The first time I officially met Nick Hayden was at a Freddie Spencer Riding school at the end of 2006. NH had just won the World Championship, next years Moto GP bikes were going to 800cc and NH was there to ride with Freddie, working on his next steps for the new era of displacement. Nicky walked in the instructor dressing room that first morning, and after some small talk said, ‘Hey guys, this is what I’m working on, let me know what I can do better….” So for the next few days, we rode with NH, watched Freddie work with him and had full access to his thought process of his riding.
Those few days (and a few more like that later) were instrumental in building the methodology and the language I use today. Sitting on the inside of the track at LVMS with Nick Ienatsch, we watched Nicky ride, lap after lap, later talking with him and decoding his thoughts, simply a priceless experience. Nicky’s thought process to his riding was simple, which became the cornerstone for how I teach today. There was no complication, just a very clear and concise way of hauling ass. His dedication to training, to be better at his craft, was simply unparalleled as witnessed by him running low on gas, coming in, filling up to go ride again and never getting off the bike. He just wanted to be better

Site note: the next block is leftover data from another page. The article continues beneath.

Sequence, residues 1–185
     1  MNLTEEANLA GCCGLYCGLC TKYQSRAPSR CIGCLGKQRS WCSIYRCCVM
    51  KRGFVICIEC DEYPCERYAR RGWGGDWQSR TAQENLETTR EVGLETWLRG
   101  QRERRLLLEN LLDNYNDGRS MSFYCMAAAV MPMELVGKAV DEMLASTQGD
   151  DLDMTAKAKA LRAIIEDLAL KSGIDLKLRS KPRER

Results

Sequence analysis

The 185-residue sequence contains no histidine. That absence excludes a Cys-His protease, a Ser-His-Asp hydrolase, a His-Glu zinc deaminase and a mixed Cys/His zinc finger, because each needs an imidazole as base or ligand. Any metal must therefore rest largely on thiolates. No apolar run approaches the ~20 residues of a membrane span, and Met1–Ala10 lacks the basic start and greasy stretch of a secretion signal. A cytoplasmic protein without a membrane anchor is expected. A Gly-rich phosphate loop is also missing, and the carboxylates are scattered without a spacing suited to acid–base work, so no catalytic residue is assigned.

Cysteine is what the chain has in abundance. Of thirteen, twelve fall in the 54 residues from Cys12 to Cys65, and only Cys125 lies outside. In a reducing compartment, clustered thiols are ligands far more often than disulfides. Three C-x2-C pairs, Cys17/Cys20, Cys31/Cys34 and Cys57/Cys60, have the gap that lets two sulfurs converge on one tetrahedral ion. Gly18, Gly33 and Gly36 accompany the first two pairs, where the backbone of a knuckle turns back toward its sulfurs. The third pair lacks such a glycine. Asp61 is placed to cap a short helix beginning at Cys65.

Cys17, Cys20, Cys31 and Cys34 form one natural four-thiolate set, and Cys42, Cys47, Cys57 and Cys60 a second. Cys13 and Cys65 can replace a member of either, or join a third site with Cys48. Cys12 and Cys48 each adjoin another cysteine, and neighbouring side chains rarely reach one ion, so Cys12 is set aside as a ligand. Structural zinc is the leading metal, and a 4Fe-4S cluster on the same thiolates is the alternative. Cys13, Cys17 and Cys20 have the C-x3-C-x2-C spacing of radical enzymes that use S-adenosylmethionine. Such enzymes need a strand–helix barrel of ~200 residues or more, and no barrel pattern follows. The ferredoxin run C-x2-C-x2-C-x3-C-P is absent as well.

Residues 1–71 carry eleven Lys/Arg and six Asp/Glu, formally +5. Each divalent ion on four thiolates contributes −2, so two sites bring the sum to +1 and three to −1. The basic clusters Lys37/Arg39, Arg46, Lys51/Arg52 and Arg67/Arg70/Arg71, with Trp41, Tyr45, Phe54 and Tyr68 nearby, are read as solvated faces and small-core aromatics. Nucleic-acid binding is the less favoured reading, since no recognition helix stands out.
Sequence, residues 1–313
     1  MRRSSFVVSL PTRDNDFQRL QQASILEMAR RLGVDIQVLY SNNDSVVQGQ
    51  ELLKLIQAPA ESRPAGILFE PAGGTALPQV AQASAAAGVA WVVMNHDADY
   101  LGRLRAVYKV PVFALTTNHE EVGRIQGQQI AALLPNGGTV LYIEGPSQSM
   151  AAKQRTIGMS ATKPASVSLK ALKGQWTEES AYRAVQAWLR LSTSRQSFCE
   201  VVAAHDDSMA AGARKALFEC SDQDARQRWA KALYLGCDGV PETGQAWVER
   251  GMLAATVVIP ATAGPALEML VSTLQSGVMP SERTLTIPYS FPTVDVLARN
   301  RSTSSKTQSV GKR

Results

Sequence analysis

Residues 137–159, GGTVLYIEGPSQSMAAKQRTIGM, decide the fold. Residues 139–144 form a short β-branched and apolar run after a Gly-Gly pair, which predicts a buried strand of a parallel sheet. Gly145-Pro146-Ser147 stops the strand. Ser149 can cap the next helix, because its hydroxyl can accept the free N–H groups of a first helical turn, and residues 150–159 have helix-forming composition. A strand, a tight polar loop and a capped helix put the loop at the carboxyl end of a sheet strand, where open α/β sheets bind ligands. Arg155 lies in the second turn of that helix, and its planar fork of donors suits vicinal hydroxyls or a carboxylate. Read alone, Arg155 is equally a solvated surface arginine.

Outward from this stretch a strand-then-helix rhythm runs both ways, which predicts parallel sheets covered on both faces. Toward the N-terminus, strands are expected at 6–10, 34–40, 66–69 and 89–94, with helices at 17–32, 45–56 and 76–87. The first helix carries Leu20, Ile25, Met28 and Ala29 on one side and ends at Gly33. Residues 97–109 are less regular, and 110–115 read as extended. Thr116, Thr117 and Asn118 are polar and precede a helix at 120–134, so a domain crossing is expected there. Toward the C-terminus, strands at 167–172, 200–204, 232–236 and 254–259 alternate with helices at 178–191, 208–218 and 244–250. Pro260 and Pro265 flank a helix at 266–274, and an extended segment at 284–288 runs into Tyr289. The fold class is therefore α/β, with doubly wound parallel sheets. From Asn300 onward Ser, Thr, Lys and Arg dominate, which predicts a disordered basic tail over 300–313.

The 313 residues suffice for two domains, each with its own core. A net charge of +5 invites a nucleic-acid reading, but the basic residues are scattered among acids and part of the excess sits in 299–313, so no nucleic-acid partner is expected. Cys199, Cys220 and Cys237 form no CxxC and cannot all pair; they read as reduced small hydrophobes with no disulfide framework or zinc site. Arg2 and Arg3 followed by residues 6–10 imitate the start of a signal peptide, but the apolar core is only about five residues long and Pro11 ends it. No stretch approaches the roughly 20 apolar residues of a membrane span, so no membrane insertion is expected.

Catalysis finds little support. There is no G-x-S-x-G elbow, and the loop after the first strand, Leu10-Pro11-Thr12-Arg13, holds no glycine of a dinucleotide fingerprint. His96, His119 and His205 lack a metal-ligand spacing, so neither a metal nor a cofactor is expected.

Losing Nicky is more than losing a good dude. Losing Nicky is losing a piece of what we all wanted to be. His dream and our dream, that a Kentucky kid, brought up in a great family environment through hard work, sacrifice and dedication, could be a MotoGP World Champion.
Losing Nicky seems surreal. It can’t be. He was so much hope and inspiration for SO MANY people, larger than life, yet somehow completely reachable, as witnessed by many of the riders I work with that rode and trained with him. Losing Nicky hurts on so many levels, but I will do as Nicky would do – share what you do with others, never stop working at being better and to keep riding. Godspeed NH.